Anthony Albanese, Australia's opposition leader, has claimed victory in the country's national elections.
"The Australian people have voted for change. I am humbled by this victory," he told cheering supporters in Sydney, after Scott Morrison, the incumbent prime minister, conceded defeat.
Mr Morrison resigned as leader of the Liberal Party on Saturday, hours after voters issued a stinging rebuke of his party's inaction on climate change.
He acknowledged a "difficult" and "humbling" day for his party, which has governed Australia for the last decade.
With 55 per cent of the vote counted on Saturday, Labor had 72 seats, the coalition 52 while independents and the Greens held 11, the Australian Broadcasting Corp projected. A further 16 seats remained in doubt. The House of Representatives has 151 seats, 76 of which are needed for a majority to form the government.
Mr Albanese told reporters that he wanted to bring Australians together as he made his first comments after leading his party to an election victory.
"I want to unite the country," Mr Albanese said as he left his home late on Saturday night to attend a Labor Party celebration in Sydney.
"I think people want to come together, look for our common interest, look towards that sense of common purpose. I think people have had enough of division, what they want is to come together as a nation and I intend to lead that."
Prime Minister Boris Johnson has congratulated Mr Albanese, vowing to work together on trade and making the world "greener".
"Our countries have a long history and a bright future together," Mr Johnson said in a message, according to Downing Street.
Congratulations @AlboMP on your election as Prime Minister of Australia.
I look forward to working with you as we reap the rewards of our comprehensive Free Trade Agreement, the AUKUS partnership and the unmatched closeness between the British and Australian people.
— Boris Johnson (@BorisJohnson) May 21, 2022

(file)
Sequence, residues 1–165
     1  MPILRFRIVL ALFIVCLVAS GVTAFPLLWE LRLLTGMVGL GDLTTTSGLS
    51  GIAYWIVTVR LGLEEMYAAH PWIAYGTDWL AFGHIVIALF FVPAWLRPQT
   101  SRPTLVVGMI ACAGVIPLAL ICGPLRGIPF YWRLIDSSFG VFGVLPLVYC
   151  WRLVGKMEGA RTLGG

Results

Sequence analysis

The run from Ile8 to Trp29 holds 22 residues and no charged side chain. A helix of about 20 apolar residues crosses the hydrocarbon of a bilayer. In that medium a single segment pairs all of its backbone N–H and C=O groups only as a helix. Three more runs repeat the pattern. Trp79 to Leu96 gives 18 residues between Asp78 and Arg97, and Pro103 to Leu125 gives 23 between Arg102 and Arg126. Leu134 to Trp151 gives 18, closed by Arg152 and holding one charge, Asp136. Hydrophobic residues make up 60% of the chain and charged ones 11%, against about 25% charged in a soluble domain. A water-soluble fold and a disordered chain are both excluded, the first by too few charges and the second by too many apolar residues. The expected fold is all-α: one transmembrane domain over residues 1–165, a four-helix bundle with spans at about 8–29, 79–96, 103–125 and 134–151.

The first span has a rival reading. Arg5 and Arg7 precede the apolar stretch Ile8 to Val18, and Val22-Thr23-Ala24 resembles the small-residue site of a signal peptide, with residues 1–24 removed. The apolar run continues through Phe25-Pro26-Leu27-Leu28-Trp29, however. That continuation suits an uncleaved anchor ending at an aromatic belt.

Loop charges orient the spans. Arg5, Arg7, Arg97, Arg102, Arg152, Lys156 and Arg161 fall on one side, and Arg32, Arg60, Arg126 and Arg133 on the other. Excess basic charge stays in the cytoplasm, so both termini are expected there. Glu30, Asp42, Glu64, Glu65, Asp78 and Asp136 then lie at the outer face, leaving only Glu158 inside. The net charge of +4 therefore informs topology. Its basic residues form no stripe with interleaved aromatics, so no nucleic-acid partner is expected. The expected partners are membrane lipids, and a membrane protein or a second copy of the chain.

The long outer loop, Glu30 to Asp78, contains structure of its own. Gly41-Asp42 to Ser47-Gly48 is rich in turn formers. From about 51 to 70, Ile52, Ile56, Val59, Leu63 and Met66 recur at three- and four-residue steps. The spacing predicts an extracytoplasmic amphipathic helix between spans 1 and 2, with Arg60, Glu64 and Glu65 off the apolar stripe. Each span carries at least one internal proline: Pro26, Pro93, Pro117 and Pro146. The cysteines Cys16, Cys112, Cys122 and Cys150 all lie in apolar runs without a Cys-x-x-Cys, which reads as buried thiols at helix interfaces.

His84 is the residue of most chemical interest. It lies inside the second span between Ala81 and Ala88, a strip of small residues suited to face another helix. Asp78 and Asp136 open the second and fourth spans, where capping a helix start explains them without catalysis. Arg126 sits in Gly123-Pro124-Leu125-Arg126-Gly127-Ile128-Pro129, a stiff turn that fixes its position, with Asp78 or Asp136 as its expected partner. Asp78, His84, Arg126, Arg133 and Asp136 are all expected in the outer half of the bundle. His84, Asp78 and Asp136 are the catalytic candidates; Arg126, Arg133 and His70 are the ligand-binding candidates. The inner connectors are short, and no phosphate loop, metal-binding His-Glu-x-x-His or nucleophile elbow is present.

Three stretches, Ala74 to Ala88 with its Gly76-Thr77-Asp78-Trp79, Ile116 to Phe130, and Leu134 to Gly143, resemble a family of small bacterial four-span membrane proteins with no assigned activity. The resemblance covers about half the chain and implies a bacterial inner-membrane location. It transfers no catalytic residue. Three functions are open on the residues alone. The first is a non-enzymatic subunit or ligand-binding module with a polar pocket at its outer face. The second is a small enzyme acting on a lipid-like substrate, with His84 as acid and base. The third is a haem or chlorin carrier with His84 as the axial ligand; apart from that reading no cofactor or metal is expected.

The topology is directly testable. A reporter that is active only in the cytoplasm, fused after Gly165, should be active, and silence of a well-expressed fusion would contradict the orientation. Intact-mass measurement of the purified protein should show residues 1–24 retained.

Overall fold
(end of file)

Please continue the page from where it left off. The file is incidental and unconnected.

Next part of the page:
With a surprisingly high number of votes going to independent candidates and minor parties, the ruling coalition suffered a dramatic fall in its primary vote, with many of its traditional supporters backing the so-called teal independents.
The teals - distinguished by their smart, aqua-toned campaign colour, and comprising mainly middle class, professional women - appear to be the big winners of this weekend’s poll.
Along with candidates from minor parties, they are expected to form a formidable cross-bench group, which is likely to double in size.
Speaking on Saturday, Simon Birmingham, the incumbent finance minister, admitted that the Liberal Party had suffered. "We are losing seats that are heartland seats – there is clearly a big movement against us," he said.
Meanwhile, Tanya Plibersek, the former deputy leader of the Labor Party, said: "The teals have struck a chord with a lot of voters."
The success of the teals, who are demanding stronger government action against climate change, reflects a significant change in public opinion in Australia, which has suffered severe drought, intense bushfires and major flooding in recent years.
Early returns suggested the Greens had also made ground, looking to pick up to three seats in Queensland.
Adam Bandt, the leader of the Greens who retained his inner-city Melbourne seat, said climate was a major issue for voters.
"There was an attempt from Labor and Liberal to bury it, and we were very clear about the need to tackle climate by tackling coal and gas," he said.